% wr i t t en 2009 , modi f i ed date 2011 , May 9th
% Fidan , S . ,
%%
cl c ; cl ear al l ; cl ose al l ;
r r i s e r o =18/12/2;
r r i s e r i =0. 60;
r t o = 0. 1458;
r c i = r r i s e r i ;
138 APPENDIX B. CODES FOR HEAT LOSS CALCULATIONS
rco = r r i s e r o ;
rh= 1;
roWi thIns= r t o ;
r i ns Wi t hI ns = 0. 2292;
r ci Wi t hI ns= r r i s e r i ;
rcoWi thIns= r r i s e r o ;
rwWithIns = rh ;
rEaWithIns = 0;
TAWithIns = 70;
r i ns=r i ns Wi t hI ns ;
T=(TAWithIns −32) /1. 8;
S=35;
al pha1 = SW Di f f us i vi t y (T, S ) ;% i n [mˆ2/ s ]
% 1 [mˆ2/ s ] =38750. 077500155 [ f t ˆ2/ hr ] from
q1=al pha1 ∗38750. 077500155; %[ f t ˆ2/ hr ]
e ps c i = 0 . 9 ; eps t o= 0 . 9 ; e p s r i s e r = 0 . 9 ;
% thermal c onduc t i vi t y of water
%i n [W/m K] ==1 Btu/( h r f t ?F) = 1. 730735 W/( mK ) .
k1 = SW Conducti vi ty (T, S ) ;
%[ Perry ’ s Chemi cal Engi neers ’ Handbook , 7th Edi ti on , Tabl e 1−4]
ke=k1 /1. 730735; % conver s i on f a c t o r
LamdaTub=600/24;
aEWithIns= q1 ; ei nsWi thI ns= 0 . 9 ; eci Wi t hI ns= 0 . 9 ;
lamda EWithIns = ke ; % Btu/ f t −hr−F
l amda i nsWi thIns = [ 0. 166 0. 194 0. 388 0. 499 0. 569 0 . 9 6 ] . / 2 4 ;
InjTi meWi thIns = 21∗24; % hrs
TbWithIns = 600; % F
Pi peLengthWi thIns = 164; % f t
ki ns=l amda i nsWi thIns ;
B.2. HEAT LOSSES FROM SEA PART 139
t=InjTi meWi thIns ;
lamdaPipe = 600/24;
Boltzman = ( 0. 1714 e −8); g =32. 2∗3600∗3600; Tgeo=TAWithIns ; Tf = TbWithIns ;
% Tto = TbWithIns ;
Th=TAWithIns ;
c o l o r s = l i n e s ( length( l amda i nsWi thIns ) ) ;
Col l e c t Dat as I nj I ns =[ ] ;
for i =1: length( l amda i nsWi thIns )
% Step 1 as s i gn random val ue f or dqdz
dqdz=5;
% c a l c ul a t e the ol d T i ns from eq . 16
Ti ns ol d=TAWithIns ;
% h r from eq . 15
h r=hr ( Ti ns ol d , TAWithIns , epsto , eps ci , r c i , r i ns , Boltzman ) ;
% hc from eq . 9
Tanulus=Tan( Ti ns ol d , TAWithIns ) ;%F
Beta Gr=BetaGr ( Tanulus ) ;%R
vi sAn=vi s cos i t yAn ( Tanulus ) ;%cp
% 1 cp = 1488 l b / f t −second = 1488∗3600 l b / f t −hr
vi sAn = visAn ∗1488∗3600;
den=densi tyAn ( Tanulus ) ;%lbm/ f t ˆ3
Gr1=Gr( Ti ns ol d , TAWithIns , visAn , Beta Gr , den , r c i , r i ns , g ) ;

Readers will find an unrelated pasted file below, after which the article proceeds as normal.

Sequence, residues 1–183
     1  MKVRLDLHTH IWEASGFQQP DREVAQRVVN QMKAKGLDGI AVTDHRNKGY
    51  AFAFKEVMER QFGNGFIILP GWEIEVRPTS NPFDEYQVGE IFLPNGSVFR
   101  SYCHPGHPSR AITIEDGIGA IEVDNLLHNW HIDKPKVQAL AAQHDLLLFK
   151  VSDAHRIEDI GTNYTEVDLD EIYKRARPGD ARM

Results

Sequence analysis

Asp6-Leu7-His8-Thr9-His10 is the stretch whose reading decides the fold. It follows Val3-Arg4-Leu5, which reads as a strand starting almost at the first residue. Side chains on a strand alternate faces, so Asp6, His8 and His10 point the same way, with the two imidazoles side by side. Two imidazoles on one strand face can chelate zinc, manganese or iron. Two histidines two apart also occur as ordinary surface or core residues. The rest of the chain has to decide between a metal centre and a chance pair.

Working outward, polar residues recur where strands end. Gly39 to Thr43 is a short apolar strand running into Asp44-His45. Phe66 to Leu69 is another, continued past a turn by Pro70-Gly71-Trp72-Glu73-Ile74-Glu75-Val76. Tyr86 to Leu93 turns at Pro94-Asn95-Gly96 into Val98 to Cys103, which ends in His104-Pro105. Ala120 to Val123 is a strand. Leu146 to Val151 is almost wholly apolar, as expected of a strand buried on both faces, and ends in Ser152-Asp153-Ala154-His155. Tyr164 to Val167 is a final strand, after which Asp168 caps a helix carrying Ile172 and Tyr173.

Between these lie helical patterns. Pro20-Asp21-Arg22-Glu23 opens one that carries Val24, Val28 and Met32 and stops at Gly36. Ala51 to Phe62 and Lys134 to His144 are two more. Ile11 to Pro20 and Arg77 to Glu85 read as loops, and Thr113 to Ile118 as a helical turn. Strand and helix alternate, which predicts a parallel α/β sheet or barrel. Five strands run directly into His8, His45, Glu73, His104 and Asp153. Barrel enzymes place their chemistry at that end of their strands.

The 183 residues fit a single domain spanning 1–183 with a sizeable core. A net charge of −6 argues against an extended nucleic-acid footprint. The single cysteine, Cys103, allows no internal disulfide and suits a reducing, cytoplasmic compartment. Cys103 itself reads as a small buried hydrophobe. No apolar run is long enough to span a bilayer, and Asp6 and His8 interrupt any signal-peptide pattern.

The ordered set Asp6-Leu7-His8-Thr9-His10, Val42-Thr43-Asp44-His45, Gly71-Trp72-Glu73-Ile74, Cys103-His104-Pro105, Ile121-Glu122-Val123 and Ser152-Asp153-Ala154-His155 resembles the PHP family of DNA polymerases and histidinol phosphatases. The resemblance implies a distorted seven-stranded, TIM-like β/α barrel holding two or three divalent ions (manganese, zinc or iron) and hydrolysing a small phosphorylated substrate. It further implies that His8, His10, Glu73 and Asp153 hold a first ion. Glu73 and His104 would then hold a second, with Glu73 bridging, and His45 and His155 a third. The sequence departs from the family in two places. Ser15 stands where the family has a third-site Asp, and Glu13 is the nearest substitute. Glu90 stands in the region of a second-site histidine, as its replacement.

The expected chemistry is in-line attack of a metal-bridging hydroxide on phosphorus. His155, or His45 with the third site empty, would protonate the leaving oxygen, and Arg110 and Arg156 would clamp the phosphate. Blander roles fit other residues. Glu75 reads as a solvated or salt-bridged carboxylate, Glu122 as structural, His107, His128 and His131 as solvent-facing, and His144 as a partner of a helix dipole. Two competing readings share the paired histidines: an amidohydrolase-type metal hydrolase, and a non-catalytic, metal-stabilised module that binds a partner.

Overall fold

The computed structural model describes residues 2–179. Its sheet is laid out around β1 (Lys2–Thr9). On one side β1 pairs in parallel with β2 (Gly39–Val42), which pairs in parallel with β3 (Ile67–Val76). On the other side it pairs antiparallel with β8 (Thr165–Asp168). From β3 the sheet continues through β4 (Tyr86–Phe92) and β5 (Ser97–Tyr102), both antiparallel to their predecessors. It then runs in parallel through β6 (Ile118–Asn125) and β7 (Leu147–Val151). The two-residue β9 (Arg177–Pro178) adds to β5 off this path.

kha=kha1 ( Tanulus ) ;
Pr1=Pr ( kha , vi sAn ) ;
khc=khc1 ( Gr1 , Pr1 , kha ) ;
140 APPENDIX B. CODES FOR HEAT LOSS CALCULATIONS
h c=hc ( khc , r c i , r i ns ) ;
% from eq . 8
Uto=UtoCal ( h c , h r , r i ns , rto , ki ns ( i ) ) ;
% f ( t ) from Ramey and Wi l l hi t e
ftD = FTIME( Uto , q1 , t , rh , ke ) ;
Tto=TAWithIns+dqdz /(2∗ pi ∗ r t o ∗( h c+h r ))+dqdz /(2∗ pi ∗ ki ns ( i ) ) ∗ . . .
log ( r i ns / r t o ) ;
Ti ns new=Tto−(( dqdz∗log ( r i ns / r t o ) ) /( 2∗ pi ∗ ki ns ( i ) ) ) ;
i t e r =0;
i f abs ( Tins new−Ti ns ol d)<=1
Ti ns new1=Ti ns new ;
Ti ns new=Ti ns new1 ;
el se
while abs ( Tins new−Ti ns ol d)>1
i t e r=i t e r +1;
Ti ns ol d=Ti ns ol d +0. 7∗( abs ( Tins new−Ti ns ol d ) ) ;
Th=Ti ns ol d−dqdz /(2∗ pi ∗ r t o ∗( h c+h r ))+dqdz∗log ( r r i s e r o / . . .
r r i s e r i ) /( 2∗ pi ∗LamdaTub ) ;
dqdz=2∗pi ∗ r t o ∗Uto∗( Tf−Th) ;
h r=hr ( Ti ns ol d , TAWithIns , epsto , eps ci , r c i , r i ns , Boltzman ) ;
% hc from eq . 9
Tanulus=Tan( Ti ns ol d , TAWithIns ) ;%F
Beta Gr=BetaGr ( Tanulus ) ;%R
vi sAn=vi s cos i t yAn ( Tanulus ) ;%cp
% 1 cp = 1488 l b / f t −second = 1488∗3600
B.2. HEAT LOSSES FROM SEA PART 141
vi sAn = visAn ∗1488∗3600;
den=densi tyAn ( Tanulus ) ;%lbm/ f t ˆ3
Gr1=Gr( Ti ns ol d , TAWithIns , visAn , Beta Gr , den , r c i , r i ns , g ) ;
kha=kha1 ( Tanulus ) ;
Pr1=Pr ( kha , vi sAn ) ;
khc=khc1 ( Gr1 , Pr1 , kha ) ;
h c=hc ( khc , r c i , r i ns ) ;
% from eq . 8
Uto=UtoCal ( h c , h r , r i ns , rto , ki ns ( i ) ) ;
% f ( t ) from Ramey and Wi l l hi t e
ftD = FTIME( Uto , q1 , t , rh , ke ) ;
Part1=TAWithIns∗ke ;
Part2=r t o ∗Uto∗ftD∗Tto ;
Part3=ke ;
Part4=r t o ∗Uto∗ftD ;
Th ol d=(Part1+Part2 ) /( Part3+Part4 ) ;
Tto=Ti ns ol d+dqdz∗log ( r i ns / r t o ) /( 2∗ pi ∗ ki ns ( i ) ) ;
Ti ns new=Tto−( r t o ∗Uto ) ∗( Tf−Th ol d )∗ log ( r i ns / r t o ) /( ki ns ( i ) ) ;
end
Ql s=2∗pi ∗ r t o ∗Uto∗( TbWithIns−TAWithIns ) ;
% TOTAL HEAT LOSS
Ql=Ql s ∗Pi peLengthWi thIns ; %BTU
I nj Lengt hpl ot =(1: Pi peLengthWi thIns ) ’ ;
Pl otQl =(Ql s ) . ∗ I nj Lengt hpl ot ;
fi gure ( 1)
142 APPENDIX B. CODES FOR HEAT LOSS CALCULATIONS
plot ( Pl otQl , I nj Lengt hpl ot , ’ c ol or ’ , c o l o r s ( i , : ) , ’ Li newi dth ’ , 3)
hold on
grid on
set ( gca , ’ XAxi sLocati on ’ , ’ top ’ , ’ YDir ’ , ’ rev ’ )
xlabel ( [ ’ Cumul ati ve Heat Los s es ( i n BTU) f or ’ . . .
num2str( Pi peLengthWi thIns ) ’ f t ’ ] . . .
, ’ Fontname ’ , ’ Ca l i br i ’ , ’ FontSi ze ’ , 16)
ylabel ( ’ Depth ( f t ) ’ )
LambdaValStr = spri ntf ( ’ %0.3G’ , l amda i nsWi thIns ( i ) . / 2 4 ) ;
l a be l s { i } = [ ’ \lambda = ’ num2str( LambdaValStr ) ] ;
legend( l abe l s , 2 , ’ Locati on ’ , ’NE’ )
set ( gcf , ’ Uni ts ’ , ’ normal i zed ’ ) ;
set ( gcf , ’ Out er Pos i t i on ’ , [ 0 0 1 1 ] ) ;
end
end
Code block: SeaPartwithoutIns.m:
%% Sol ut i on f o r Of f s hor e part wi th i ns ul a t i o n mat e r i l as
% We are l ooki ng f o r the s o l ut i on at steady s t at e c ondi t i ons
% wr i t t en 2009 , modi f i ed date 2011 , May 9th , Fidan , S . ,
%%
% Heat l o s s c a l c ul a t i o n f o r wi thout i ns ul a t i o n cas e i s done
cl c ; cl ear al l ; cl ose al l ;
r r i s e r o =18/12/2;% f t
r r i s e r i =0. 60;
r t o = 0. 1458; % f t
r c i = r r i s e r i ; % f t
rco = r r i s e r o ; % f t
rh = 1; % f t
B.2. HEAT LOSSES FROM SEA PART 143
rEaWi thoutIns = 0; % f t
TAWithoutIns = 70; % F
T=(TAWithoutIns −32) /1. 8;
S=35;
al pha1 = SW Di f f us i vi t y (T, S ) ;% i n [mˆ2/ s ]